Investing May Save the Agricultural “Commons”
Whether in a college class or as a passing anecdotal reference, at some point in time you have probably heard the story of “The Commons.” In 1968, UC-Santa Barbara professor Garrett Hardin put a title to a well-known problem. Given a communally accessible resource—a common grazing land, for example—it is in the short-term best interest of an individual to exploit that resource for his or her own profit. By slipping a few extra cattle onto the land, one rancher receives substantial benefit. Of course if all the ranchers do that, the carrying capacity of the land is exceeded, the quality of the forage, and in turn the cattle, deteriorates, and all returns diminish. The paradox of the commons, Hardin writes, is that “Each man is locked into a system that compels him to increase his herd without limit—in a world that is limited.”
Investing May Save the Agricultural “Commons”
The compulsion to unswervingly pursue short-term returns is driven by the true assumption that the window for profit from the shared commons will be open for a short time. The field will eventually reach its carrying capacity: the point at which all the value has been squeezed out of it. The commons will then be abandoned for the swift pursuit of a new investment.
The major concern surrounding some large-scale agricultural investments is that they set the stage on which this familiar parable plays out. Dean Kuipers echoes the concerns of the Oakland Institute when he writes, “megascale [agricultural] investments can lead to the worst kind of absentee landlordism, resulting in badly managed farms, poor labor practices, disempowerment of farmers, and increased speculation in land prices.”
Fortunately, an alternative form of agricultural investment is gaining momentum around the world, one that seeks to relieve the pressure of short-term (and ultimately destructive) gains in favor of long-term growth and profit. The driving idea is that the longer a farmer’s tenure on her land, the more incentive she’ll have to invest in soil health, biodiversity, and the like. As agricultural journalist Sarah West explains, “The organic model of farmland investing is the inverse of the conventional model: rather than being abused and depleted by short-term users, the land instead becomes more valuable the longer it’s worked.” This ultimately leads to larger and more consistent returns, providing a reliable option for investors looking to diversify their portfolio in an uncertain market.
The Iroquois Valley Farmland REIT is one organization that has recognized the potential value of playing the long game. Co-founder David Miller, a former vice president for First Chicago Bank, started the group in 2007 with two goals: restore farmland soil and profit from the growth of the organic market.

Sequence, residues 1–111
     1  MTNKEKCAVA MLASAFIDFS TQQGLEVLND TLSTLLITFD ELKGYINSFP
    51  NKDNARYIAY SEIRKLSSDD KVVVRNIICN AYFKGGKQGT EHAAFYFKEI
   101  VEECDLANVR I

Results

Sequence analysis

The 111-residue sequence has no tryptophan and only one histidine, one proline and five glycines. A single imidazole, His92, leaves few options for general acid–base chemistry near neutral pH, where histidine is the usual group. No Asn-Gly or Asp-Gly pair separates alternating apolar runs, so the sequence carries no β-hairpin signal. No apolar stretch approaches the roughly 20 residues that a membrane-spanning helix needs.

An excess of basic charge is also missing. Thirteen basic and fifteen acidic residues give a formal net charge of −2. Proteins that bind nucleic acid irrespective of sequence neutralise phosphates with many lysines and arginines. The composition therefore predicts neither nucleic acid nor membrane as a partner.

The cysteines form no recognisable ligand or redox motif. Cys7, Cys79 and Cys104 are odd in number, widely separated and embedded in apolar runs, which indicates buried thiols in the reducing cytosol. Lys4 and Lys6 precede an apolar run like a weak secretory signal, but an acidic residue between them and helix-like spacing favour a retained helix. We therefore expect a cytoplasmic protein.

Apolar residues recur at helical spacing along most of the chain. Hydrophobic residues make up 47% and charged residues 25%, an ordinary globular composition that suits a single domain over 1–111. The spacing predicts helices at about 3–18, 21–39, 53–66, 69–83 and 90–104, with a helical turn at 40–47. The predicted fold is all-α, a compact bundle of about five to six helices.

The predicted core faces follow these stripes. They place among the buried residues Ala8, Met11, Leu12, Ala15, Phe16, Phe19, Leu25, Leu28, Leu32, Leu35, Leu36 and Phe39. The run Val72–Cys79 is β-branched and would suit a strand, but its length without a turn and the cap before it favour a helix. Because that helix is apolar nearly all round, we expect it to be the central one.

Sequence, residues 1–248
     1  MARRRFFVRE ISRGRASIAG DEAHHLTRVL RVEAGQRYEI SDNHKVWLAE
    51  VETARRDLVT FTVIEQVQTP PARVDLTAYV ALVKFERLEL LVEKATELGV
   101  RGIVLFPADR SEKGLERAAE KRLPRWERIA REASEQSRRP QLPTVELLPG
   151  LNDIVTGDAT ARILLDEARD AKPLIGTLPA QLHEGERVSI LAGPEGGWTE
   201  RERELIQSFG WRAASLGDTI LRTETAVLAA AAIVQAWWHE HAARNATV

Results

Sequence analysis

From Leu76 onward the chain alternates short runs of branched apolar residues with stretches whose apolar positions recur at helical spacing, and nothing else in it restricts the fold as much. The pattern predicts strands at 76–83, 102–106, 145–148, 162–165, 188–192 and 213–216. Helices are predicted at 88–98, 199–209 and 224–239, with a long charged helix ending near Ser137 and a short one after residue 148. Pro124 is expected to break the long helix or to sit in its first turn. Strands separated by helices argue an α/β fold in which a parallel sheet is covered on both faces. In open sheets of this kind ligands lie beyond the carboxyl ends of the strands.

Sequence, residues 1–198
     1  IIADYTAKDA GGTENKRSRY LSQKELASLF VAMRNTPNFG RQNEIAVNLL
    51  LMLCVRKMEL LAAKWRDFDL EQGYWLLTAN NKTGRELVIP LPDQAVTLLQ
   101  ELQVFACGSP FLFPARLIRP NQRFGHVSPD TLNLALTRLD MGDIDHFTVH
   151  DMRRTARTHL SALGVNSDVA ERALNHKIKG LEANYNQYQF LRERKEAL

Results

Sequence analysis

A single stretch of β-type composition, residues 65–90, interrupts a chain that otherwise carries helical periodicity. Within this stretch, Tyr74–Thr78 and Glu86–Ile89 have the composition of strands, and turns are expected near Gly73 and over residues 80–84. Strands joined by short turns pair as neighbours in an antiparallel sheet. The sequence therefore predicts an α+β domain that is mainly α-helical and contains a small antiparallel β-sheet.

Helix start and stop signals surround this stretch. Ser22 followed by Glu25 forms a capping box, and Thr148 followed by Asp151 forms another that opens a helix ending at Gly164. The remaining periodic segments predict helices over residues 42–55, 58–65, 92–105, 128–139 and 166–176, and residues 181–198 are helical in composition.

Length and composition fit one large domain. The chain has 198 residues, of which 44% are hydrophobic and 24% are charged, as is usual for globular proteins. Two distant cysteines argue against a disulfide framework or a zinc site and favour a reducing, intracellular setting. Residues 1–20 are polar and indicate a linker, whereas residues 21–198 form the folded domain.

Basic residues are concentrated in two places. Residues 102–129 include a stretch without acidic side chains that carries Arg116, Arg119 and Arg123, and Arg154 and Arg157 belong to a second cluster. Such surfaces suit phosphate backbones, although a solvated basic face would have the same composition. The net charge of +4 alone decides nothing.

Farmers approach Iroquois Valley with land they’d like to purchase. The firm purchases the land and then leases it back to the farmer. Starting or scaling farmers enjoy a low fixed rent as they transition and then have the opportunity to purchase the land directly as their work becomes more lucrative. The system works for farmers and investors, as investors have seen double-digit annual returns since IQVF’s inception in 2007.
“We believe that investing in organic farmers and supporting their businesses creates myriad environmental, social, and financial benefits,” shares Claire Mesesan, Iroquois Valley’s Communications Director. “Our farmers are stewarding the land, and by doing so, are supporting public health and ecosystems.”
Of course, stewardship takes time. Stakeholders must understand that building lasting value requires patient investment. “For this arrangement to work, West writes, “companies dealing in organic farmland must also take an active role in land management and require that their investors understand the long-term nature of the investment before signing on.” A crucial part of the process, Mesesan adds, is that “Investors also see that they are supporting individual farmers and farm families. They have a human connection to their investment.”
Thomas Connell, Farmfolio’s Business Development Manager, looks forward to opportunities to provide investors with a hands-on tour of Farmfolio’s projects. “I’ve yet to come across anyone who doesn’t crack under the beauty of the landscape and the reconnection with where our food comes from, how it’s produced, how the land and the people that care for that land are looked after, and ultimately how it ends up in our shopping baskets back home,” he says.
Connell finds these investor trips, which he leads 8-10 times each year, unique in the industry and crucial to the success of agricultural investment. “If you invest in Apple or Exxon Mobil stock, sure you might get to go to an AGM once a year, but is your broker inviting you down to hang out at HQ in California or checking out operations on one of the oil rigs?” Connell quips. “Farmfolio’s model encourages stakeholders to be active participants in the investments they make. The vision is to provide consistent, long term returns for investors and local communities while contributing to building environmental and socially responsible use of land.”
“Ruin is the destination toward which all men rush, each pursuing his own best interest in a society that believes in the freedom of the commons. Freedom in a commons brings ruin to all,” Hardin historically wrote. When agricultural investment means responsible engagement in well-managed farms, that equation turns upside down. And that, Farmland LP founder Craig Wichner explains, “is really the way to turn farmland back into a commons. Back into a common good.”